PASSWORD RESET

Magazine of Socialist Action in Australia

Spain: Miners light up Madrid

Reading Time: 3 minutes

Thousands of coal miners arrived in Madrid on July 10, completing another march on the capital as part of the struggle to defend their jobs.

They were greeted by thousands of workers and youth from Madrid who poured onto the streets to express their solidarity. Firefighters escorted the miners through Madrid, stripping off in front of the parliament to show their solidarity!

On the same day that the miners arrived, president Rajoy and the right-wing PP government announced a revised vicious cuts budget.

By John Hird, CWI Spain

The miners of Asturias and other regions brought the class struggle to Rajoy’s door and cut short his Euro Cup feel-good factor. Indeed, David Villa, Barcelona and Spanish footballer is tweeting his support for the miners and their struggle.

The arrival of the miners in Madrid has been like a catharsis for other groups of workers under attack, like firefighters, teachers and local government workers.

Even the mainstream newspaper El Pais admits that the idea of “lucha obrera” (workers’ struggle) is taking hold. But generally the Spanish media continues to play a lamentable role.

Falsehoods

The government press publishes lies and misinformation about the miners. According to ABC, the miners have salaries of €2,100 a month and the mines are so safe that women miners can go to work in high heels! They have also wasted the millions in subsidies they have received and, of course, the old chestnut, the miners are violent.

In fact, miners receive an average salary of between €1,000 and €1,500 a month for what is still a very dangerous job. The police get about €1,900. All industry is subsidised in Spain, including transport and agriculture. Why single out the miners whose industry has only received about 1% of the total paid out in subsidies?

Spanish banks recently got a €100 billion bailout – where is that money now?

The subsidies paid to the mining industry have been misspent by the private mining companies and local and regional governments. They should have been investing in improved infrastructure and job creation. No one can really account for where the money has gone.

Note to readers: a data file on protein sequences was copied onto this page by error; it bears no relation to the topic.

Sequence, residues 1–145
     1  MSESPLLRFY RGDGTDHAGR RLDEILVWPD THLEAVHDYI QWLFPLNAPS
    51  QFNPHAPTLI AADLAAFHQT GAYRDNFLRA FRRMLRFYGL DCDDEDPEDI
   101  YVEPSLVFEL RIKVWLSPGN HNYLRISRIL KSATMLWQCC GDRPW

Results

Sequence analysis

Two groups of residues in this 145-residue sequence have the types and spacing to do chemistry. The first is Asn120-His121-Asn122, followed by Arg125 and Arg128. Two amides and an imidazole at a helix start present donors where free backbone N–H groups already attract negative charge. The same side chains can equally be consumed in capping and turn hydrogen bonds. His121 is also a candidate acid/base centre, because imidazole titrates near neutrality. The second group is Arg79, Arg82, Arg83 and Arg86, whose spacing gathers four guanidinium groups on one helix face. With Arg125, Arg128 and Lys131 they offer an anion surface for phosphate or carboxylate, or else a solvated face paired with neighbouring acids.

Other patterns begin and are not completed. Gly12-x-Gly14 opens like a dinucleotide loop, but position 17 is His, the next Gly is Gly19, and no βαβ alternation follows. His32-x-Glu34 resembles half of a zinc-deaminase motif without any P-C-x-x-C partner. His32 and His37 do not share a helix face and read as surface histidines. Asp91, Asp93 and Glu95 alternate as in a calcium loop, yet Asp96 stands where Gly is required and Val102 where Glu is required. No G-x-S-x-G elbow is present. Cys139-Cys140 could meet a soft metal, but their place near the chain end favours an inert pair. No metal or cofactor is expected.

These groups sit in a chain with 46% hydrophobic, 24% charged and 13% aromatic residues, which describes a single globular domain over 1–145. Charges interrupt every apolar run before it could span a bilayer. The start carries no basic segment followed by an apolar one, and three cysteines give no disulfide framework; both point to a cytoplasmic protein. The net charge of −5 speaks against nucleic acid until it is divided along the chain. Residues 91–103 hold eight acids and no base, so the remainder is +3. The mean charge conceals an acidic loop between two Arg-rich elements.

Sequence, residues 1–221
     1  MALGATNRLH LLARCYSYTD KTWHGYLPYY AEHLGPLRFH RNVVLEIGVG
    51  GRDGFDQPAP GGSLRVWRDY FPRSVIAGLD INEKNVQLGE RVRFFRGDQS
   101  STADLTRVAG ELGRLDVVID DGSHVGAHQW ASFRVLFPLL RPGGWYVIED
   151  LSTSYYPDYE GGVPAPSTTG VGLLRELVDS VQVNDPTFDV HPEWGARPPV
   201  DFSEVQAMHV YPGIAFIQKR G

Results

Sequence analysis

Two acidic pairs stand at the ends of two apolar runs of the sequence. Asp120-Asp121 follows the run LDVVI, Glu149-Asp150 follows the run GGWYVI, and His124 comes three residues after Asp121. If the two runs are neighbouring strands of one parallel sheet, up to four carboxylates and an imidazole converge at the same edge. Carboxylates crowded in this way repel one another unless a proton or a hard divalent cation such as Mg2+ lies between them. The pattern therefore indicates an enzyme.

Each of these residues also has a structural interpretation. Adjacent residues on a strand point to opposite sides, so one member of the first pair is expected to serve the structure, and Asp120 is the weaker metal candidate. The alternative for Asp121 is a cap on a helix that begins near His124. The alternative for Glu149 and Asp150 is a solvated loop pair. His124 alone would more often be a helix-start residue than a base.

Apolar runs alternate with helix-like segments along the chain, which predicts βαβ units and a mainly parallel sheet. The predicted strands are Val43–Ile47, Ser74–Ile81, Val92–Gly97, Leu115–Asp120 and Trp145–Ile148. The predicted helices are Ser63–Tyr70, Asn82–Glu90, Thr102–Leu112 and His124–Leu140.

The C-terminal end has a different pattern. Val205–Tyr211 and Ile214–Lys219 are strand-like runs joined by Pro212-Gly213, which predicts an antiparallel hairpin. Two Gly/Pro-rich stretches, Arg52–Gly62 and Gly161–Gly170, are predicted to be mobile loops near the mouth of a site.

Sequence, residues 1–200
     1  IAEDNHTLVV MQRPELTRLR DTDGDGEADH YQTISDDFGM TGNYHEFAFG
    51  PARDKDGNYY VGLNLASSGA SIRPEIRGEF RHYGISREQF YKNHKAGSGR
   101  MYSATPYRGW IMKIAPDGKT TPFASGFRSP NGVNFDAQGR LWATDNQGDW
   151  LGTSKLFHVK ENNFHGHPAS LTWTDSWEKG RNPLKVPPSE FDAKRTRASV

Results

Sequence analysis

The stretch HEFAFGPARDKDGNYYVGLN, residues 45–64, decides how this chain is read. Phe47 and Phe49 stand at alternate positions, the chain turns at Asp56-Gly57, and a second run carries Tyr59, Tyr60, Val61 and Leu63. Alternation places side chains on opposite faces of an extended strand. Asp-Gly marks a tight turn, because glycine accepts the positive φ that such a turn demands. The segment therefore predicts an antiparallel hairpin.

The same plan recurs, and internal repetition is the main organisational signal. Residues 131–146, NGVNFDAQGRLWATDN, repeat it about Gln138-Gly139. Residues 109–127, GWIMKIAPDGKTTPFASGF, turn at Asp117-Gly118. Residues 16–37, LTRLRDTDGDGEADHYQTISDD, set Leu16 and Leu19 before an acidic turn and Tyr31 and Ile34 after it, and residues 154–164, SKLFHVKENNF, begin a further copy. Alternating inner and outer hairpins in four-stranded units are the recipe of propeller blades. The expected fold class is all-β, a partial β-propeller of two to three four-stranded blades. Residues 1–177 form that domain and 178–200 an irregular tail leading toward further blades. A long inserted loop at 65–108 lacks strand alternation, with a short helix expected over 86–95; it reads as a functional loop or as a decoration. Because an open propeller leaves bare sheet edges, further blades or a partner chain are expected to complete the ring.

As far as violence is concerned, what is more violent than the destruction of 8,000 direct mining jobs, another 30,000 indirectly and whole communities destroyed?

The miners are precisely being singled out for what they represent, including their history and tradition, as many Spanish workers instinctively understand.

Rajoy’s only response to the demands of the miners has been to mobilise national police and the civil guard which is a provocation to the mining communities.

The politicians are living in denial. Esperanza Aguirre, the president of Madrid, denied the miners’ march was large!

As the miners were demonstrating, Rajoy announced an increase in VAT of 3% and a reduction in unemployment pay to 50% of what unemployed workers have paid into the social security system. Rajoy said this should ‘encourage’ the unemployed to find work. But there are five million on the dole!

The battle lines are now clearer. The government is acting exclusively for big business.

Their only policy is to make the poor and working class pay for the capitalist crisis. But the Spanish miners have shone a light and shown the whole of the working class the way to struggle.